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Some have more dollars than sense, they say, so even companies that have no revenue, no profit, and a record of falling short, can easily find investors. But as Peter Lynch said in One Up On Wall Street, ‘Long shots almost never pay off.’
So if you’re like me, you might be more interested in profitable, growing companies, like Bancorp (NASDAQ:TBBK). Even if the shares are fully valued today, most capitalists would recognize its profits as the demonstration of steady value generation. In comparison, loss making companies act like a sponge for capital – but unlike such a sponge they do not always produce something when squeezed.
Bancorp’s Improving Profits
In business, though not in life, profits are a key measure of success; and share prices tend to reflect earnings per share (EPS). So like a ray of sunshine through a gap in the clouds, improving EPS is considered a good sign. You can imagine, then, that it almost knocked my socks off when I realized that Bancorp grew its EPS from US$0.45 to US$1.61, in one short year. When you see earnings grow that quickly, it often means good things ahead for the company.
I like to take a look at earnings before interest and (EBIT) tax margins, as well as revenue growth, to get another take on the quality of the company’s growth. Not all of Bancorp’s revenue this year is revenue from operations, so keep in mind the revenue and margin numbers I’ve used might not be the best representation of the underlying business. While we note Bancorp’s EBIT margins were flat over the last year, revenue grew by a solid 33% to US$276m. That’s a real positive.
You don’t drive with your eyes on the rear-view mirror, so you might be more interested in this free report showing analyst forecasts for Bancorp’s future profits.
Are Bancorp Insiders Aligned With All Shareholders?
I like company leaders to have some skin in the game, so to speak, because it increases alignment of incentives between the people running the business, and its true owners. So it is good to see that Bancorp insiders have a significant amount of capital invested in the stock. Indeed, they hold US$25m worth of its stock. That’s a lot of money, and no small incentive to work hard. Despite being just 4.8% of the company, the value of that investment is enough to show insiders have plenty riding on the venture.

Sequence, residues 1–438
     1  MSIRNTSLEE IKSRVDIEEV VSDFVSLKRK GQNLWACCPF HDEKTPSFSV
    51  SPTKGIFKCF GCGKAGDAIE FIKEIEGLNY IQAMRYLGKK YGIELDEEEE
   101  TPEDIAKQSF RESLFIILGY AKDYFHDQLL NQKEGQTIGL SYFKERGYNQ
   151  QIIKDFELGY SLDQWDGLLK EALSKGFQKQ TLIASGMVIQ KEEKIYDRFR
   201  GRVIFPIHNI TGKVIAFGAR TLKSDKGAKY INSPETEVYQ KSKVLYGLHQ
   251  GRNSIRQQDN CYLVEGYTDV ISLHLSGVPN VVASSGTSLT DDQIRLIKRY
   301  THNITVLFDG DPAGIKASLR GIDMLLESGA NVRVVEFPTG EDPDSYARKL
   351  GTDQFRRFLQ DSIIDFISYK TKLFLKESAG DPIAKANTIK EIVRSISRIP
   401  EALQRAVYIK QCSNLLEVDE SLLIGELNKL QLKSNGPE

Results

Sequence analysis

It means a lot to see insiders invested in the business, but I find myself wondering if remuneration policies are shareholder friendly. Well, based on the CEO pay, I’d say they are indeed. For companies with market capitalizations between US$200m and US$800m, like Bancorp, the median CEO pay is around US$1.7m.
Bancorp offered total compensation worth US$1.5m to its CEO in the year to December 2018. That comes in below the average for similar sized companies, and seems pretty reasonable to me. CEO remuneration levels are not the most important metric for investors, but when the pay is modest, that does support enhanced alignment between the CEO and the ordinary shareholders. It can also be a sign of good governance, more generally.
Should You Add Bancorp To Your Watchlist?
Bancorp’s earnings have taken off like any random crypto-currency did, back in 2017. The cherry on top is that insiders own a bucket-load of shares, and the CEO pay seems really quite reasonable. The sharp increase in earnings could signal good business momentum. Big growth can make big winners, so I do think Bancorp is worth considering carefully. Of course, just because Bancorp is growing does not mean it is undervalued. If you’re wondering about the valuation, check out this gauge of its price-to-earnings ratio, as compared to its industry.
Of course, you can do well (sometimes) buying stocks that are not growing earnings and do not have insiders buying shares. But as a growth investor I always like to check out companies that do have those features. You can access a free list of them here.
Please note the insider transactions discussed in this article refer to reportable transactions in the relevant jurisdiction
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If you spot an error that warrants correction, please contact the editor at firstname.lastname@example.org. This article by Simply Wall St is general in nature. It does not constitute a recommendation to buy or sell any stock, and does not take account of your objectives, or your financial situation. Simply Wall St has no position in the stocks mentioned. Thank you for reading.